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None of us are particularly attractive, but death has been kinder to me than some.
Just the gray skin, the unpleasant smell, the dark circles under my eyes. I could almost pass for a Living man in need of a vacation. Black slacks, gray shirt, red tie. M makes fun of me sometimes.
He points at my tie and tries to laugh, a choked, gurgling rumble deep in his gut. The shirt is looking pretty macabre by now. He should have picked a darker color. We like to joke and speculate about our clothes, since these final fashion choices are the only indication of who we were before we became no one.
Some are less obvious than mine: So we make random guesses. You were a waitress. You were a student. Ring any bells? It never does. No one I know has any specific memories. Just a vague, ves- tigial knowledge of a world long gone. Faint impressions of past lives that linger like phantom limbs.
No history. We are just here. We do what we do, time passes, and no one asks questions. The rusty cogs of cogency still spin, just geared down and down till the outer motion is barely vis- ible. We grunt and groan, we shrug and nod, and sometimes a few words slip out. Out of everything, this seems to me the most tragic.
There are hundreds of us living in an abandoned airport outside some large city. To have nothing at all around us, nothing to touch or look at, no hard lines whatsoever, just us and the gaping maw of. An emptiness vast and absolute. I still have all my flesh, but there are elders who are little more than skeletons with clinging bits of muscle, dry as jerky.
Somehow it still extends and contracts, and they keep moving. The future is as blurry to me as the past. You might say death has relaxed me. I am riding the escalators when M finds me. I ride the escalators several times a day, whenever they move. The airport is derelict, but the power still flickers on sometimes, maybe flowing from emergency generators stuttering deep underground.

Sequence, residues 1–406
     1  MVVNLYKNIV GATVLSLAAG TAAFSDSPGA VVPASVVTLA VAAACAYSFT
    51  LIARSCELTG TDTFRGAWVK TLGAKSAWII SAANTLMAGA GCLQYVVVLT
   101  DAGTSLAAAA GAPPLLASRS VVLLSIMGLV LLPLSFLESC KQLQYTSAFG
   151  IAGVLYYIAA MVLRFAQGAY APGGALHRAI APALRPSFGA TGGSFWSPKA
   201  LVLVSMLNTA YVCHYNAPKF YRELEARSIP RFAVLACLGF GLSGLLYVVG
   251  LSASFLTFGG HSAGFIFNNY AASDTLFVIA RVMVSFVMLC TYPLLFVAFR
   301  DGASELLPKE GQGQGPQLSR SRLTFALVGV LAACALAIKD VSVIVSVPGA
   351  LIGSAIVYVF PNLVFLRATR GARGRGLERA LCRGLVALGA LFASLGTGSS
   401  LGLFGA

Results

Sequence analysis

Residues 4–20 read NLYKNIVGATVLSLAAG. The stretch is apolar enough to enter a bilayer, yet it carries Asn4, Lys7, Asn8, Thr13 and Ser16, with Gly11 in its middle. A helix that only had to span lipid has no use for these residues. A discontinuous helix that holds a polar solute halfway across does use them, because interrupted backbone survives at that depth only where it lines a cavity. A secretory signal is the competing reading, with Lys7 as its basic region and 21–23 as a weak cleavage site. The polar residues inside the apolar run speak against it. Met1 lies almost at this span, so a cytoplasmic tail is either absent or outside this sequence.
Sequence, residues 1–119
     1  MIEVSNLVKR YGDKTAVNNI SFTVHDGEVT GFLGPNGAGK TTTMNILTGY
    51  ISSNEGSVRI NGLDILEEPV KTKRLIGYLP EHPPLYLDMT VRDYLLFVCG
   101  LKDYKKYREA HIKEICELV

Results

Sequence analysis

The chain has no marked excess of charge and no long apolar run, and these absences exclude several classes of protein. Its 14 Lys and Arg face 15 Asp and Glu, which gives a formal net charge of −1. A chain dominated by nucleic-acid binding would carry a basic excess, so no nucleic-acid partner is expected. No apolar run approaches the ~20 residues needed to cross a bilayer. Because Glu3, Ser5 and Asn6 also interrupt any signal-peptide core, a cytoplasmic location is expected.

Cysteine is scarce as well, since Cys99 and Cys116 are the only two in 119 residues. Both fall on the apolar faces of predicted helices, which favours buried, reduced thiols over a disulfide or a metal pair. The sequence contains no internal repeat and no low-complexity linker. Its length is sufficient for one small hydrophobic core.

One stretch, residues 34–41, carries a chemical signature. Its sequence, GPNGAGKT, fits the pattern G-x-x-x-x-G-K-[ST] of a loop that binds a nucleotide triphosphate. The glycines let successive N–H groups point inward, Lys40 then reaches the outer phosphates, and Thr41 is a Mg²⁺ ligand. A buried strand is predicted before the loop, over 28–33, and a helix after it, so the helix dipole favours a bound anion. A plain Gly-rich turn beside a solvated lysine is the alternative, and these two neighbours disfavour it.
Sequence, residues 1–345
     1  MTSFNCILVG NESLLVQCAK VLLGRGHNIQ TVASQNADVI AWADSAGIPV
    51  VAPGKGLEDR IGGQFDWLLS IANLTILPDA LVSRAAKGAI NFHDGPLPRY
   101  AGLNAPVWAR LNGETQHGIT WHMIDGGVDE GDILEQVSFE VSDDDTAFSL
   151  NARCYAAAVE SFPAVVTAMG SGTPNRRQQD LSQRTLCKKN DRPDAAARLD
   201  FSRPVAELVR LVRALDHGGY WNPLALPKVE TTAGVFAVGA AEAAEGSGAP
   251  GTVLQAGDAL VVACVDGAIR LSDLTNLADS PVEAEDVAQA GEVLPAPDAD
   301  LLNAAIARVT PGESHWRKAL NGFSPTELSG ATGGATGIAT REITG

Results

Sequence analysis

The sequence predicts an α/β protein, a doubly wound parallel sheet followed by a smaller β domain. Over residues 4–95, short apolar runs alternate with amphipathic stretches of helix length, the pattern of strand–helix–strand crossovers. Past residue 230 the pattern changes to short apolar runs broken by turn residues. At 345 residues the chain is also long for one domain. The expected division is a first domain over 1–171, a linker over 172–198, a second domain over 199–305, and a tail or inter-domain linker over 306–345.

Lights flash and screens blink, machines jolt into motion. I cherish these moments. The feeling of things coming to life. I stand on the steps and ascend like a soul into Heaven, that sugary dream of our childhoods, now a tasteless joke. After maybe thirty repetitions, I rise to find M waiting for me at the top. He is hundreds of pounds of muscle and fat draped on a six-foot-five frame.
Bearded, bald, bruised and rotten, his grisly vis- age slides into view as I crest the staircase summit.
Is he the angel that greets me at the gates? His ragged mouth is oozing black drool.
We are going out to find food. A hunting party forms around us as we shuffle toward town. Focused thought is a rare occurrence here, and we all follow it when it manifests.
We do a lot of standing around and groaning. Years pass this way. The flesh with-. I often wonder how old I am. The city where we do our hunting is conveniently close. We ar- rive around noon the next day and start looking for flesh. The new hunger is a strange feeling. We feel it everywhere equally, a sink- ing, sagging sensation, as if our cells are deflating. Last winter, when so many Living joined the Dead and our prey became scarce, I watched some of my friends become full-dead.
The transition was undramatic. They just slowed down, then stopped, and after a while I realized they were corpses. I distracted myself with some groaning. I think the world has mostly ended, because the cities we wander through are as rotten as we are. Buildings have collapsed. Rusted cars clog the streets. Most glass is shattered, and the wind drifting through the hollow high-rises moans like an animal left to die. Social collapse?